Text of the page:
Growth and body composition in infants with bronchopulmonary dysplasia up to 3 months corrected age: A randomized trial of a high-energy nutrient-enriched formula fed after hospital discharge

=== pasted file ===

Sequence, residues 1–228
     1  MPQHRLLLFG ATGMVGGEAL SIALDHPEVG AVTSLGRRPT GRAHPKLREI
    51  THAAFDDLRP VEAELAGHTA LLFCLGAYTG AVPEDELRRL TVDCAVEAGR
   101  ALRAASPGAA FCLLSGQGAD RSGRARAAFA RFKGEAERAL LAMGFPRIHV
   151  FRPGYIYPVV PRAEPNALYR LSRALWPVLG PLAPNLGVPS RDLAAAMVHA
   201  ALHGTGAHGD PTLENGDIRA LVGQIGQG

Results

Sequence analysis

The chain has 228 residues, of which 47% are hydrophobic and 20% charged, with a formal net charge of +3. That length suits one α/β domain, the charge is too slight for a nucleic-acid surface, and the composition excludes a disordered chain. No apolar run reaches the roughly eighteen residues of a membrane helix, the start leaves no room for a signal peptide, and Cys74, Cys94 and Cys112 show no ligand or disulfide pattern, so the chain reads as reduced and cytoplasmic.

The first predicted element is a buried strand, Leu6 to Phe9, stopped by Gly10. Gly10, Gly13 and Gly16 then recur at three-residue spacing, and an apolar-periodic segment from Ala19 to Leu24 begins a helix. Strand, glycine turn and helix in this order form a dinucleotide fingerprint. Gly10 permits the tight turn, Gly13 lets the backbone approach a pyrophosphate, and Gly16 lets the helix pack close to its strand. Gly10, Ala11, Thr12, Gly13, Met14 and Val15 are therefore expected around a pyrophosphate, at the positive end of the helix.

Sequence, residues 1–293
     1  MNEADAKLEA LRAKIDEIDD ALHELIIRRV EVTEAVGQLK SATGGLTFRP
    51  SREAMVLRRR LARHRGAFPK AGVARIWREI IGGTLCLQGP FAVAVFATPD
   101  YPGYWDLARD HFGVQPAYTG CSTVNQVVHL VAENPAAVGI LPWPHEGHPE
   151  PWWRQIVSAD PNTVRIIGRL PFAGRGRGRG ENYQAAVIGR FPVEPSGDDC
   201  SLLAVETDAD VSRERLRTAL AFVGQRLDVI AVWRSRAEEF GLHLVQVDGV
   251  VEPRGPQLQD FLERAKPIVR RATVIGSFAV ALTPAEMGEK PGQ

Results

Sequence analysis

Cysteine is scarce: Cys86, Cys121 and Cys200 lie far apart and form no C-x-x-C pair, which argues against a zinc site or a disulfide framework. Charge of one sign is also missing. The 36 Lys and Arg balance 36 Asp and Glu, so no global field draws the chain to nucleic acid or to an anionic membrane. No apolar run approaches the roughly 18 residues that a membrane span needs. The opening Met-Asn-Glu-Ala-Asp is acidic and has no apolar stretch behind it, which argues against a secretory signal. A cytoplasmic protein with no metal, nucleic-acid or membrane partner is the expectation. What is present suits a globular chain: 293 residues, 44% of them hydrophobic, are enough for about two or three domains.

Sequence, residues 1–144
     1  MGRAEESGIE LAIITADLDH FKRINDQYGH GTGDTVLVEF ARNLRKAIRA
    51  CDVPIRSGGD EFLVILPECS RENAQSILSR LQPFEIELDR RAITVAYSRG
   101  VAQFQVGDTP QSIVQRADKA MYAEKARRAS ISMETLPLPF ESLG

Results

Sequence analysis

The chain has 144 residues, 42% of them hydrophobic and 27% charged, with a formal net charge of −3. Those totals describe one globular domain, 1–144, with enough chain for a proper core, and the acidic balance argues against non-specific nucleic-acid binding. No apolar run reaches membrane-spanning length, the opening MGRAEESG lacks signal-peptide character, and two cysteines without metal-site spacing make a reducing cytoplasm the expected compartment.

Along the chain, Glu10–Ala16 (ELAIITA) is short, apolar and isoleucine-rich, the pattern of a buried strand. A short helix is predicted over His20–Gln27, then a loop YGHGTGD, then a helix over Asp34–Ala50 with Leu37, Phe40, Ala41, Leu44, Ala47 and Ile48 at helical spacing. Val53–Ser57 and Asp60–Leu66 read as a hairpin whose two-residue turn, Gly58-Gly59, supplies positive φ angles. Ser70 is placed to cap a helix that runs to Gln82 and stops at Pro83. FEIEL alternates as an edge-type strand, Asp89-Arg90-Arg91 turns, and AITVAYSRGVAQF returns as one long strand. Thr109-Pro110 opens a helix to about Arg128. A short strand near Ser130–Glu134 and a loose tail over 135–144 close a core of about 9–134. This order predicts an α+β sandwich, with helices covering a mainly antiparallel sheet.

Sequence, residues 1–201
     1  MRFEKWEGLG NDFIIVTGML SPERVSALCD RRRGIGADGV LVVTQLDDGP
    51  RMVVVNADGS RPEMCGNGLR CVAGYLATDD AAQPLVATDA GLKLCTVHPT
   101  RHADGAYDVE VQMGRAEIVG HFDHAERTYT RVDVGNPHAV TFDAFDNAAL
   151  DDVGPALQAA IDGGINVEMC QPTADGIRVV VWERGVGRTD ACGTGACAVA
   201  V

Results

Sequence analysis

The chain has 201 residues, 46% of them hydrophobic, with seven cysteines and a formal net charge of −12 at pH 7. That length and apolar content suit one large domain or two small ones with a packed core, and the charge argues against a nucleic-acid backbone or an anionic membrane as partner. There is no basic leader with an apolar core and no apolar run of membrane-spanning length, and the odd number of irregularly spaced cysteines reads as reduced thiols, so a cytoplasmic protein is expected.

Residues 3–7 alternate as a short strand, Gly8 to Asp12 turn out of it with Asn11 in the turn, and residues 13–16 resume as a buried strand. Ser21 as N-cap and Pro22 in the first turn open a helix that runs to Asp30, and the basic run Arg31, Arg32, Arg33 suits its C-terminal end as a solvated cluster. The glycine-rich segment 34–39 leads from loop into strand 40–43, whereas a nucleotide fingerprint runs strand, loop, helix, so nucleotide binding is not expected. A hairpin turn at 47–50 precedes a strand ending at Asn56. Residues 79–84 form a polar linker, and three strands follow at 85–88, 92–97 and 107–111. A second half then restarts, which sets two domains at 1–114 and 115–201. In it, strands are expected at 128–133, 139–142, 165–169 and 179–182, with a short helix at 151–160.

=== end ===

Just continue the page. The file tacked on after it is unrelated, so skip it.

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OBJECTIVES: (1) To determine whether nutrient malabsorption or inadequate nutrient intake were involved in the cause of growth delay in patients with bronchopulmonary dysplasia, and (2) to determine whether a nutrient-enriched formula given to infants with bronchopulmonary dysplasia to 3 months corrected age improves the rate of growth with greater lean and bone mass accretion when compared with infants fed an isoenergetic standard infant formula. STUDY DESIGN: A blinded, nutrition intervention trial of 60 preterm infants with bronchopulmonary dysplasia (birth weight, 866 +/- 169 g, gestational age, 26 +/- 1.5 weeks) randomized to either nutrient-enriched formula or standard formula. Growth, body composition, and nutrient retention were compared between groups by Student's t tests and analysis of covariance. RESULTS: Infants fed the enriched formula had significantly greater nitrogen and mineral retention at 38 weeks' postmenstrual age, and only the infants fed enriched formula had zinc retention similar to the intrauterine accretion. At 3 months corrected age infants fed enriched formula attained greater length (P < .05), greater radial bone mineral content (P < .01), and greater lean mass (P < .01). The male infants in the enriched formula group had greater whole body bone mineral content than did male infants in the standard formula group (P = .02). CONCLUSIONS: Greater linear growth and lean and bone mass in the enriched formula group suggests that infants with bronchopulmonary dysplasia attain faster "catch-up" growth when fed higher intakes of protein, calcium, phosphorus, and zinc than provided in standard proprietary formulas.
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